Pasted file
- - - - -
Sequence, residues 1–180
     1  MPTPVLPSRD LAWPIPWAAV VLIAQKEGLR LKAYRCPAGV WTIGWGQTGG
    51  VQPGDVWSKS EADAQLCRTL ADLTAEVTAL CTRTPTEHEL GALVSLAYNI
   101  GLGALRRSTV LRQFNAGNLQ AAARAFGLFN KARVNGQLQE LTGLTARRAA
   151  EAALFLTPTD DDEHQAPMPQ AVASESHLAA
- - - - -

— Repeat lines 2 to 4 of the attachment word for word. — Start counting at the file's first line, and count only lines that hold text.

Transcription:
     1  MPTPVLPSRD LAWPIPWAAV VLIAQKEGLR LKAYRCPAGV WTIGWGQTGG
    51  VQPGDVWSKS EADAQLCRTL ADLTAEVTAL CTRTPTEHEL GALVSLAYNI
   101  GLGALRRSTV LRQFNAGNLQ AAARAFGLFN KARVNGQLQE LTGLTARRAA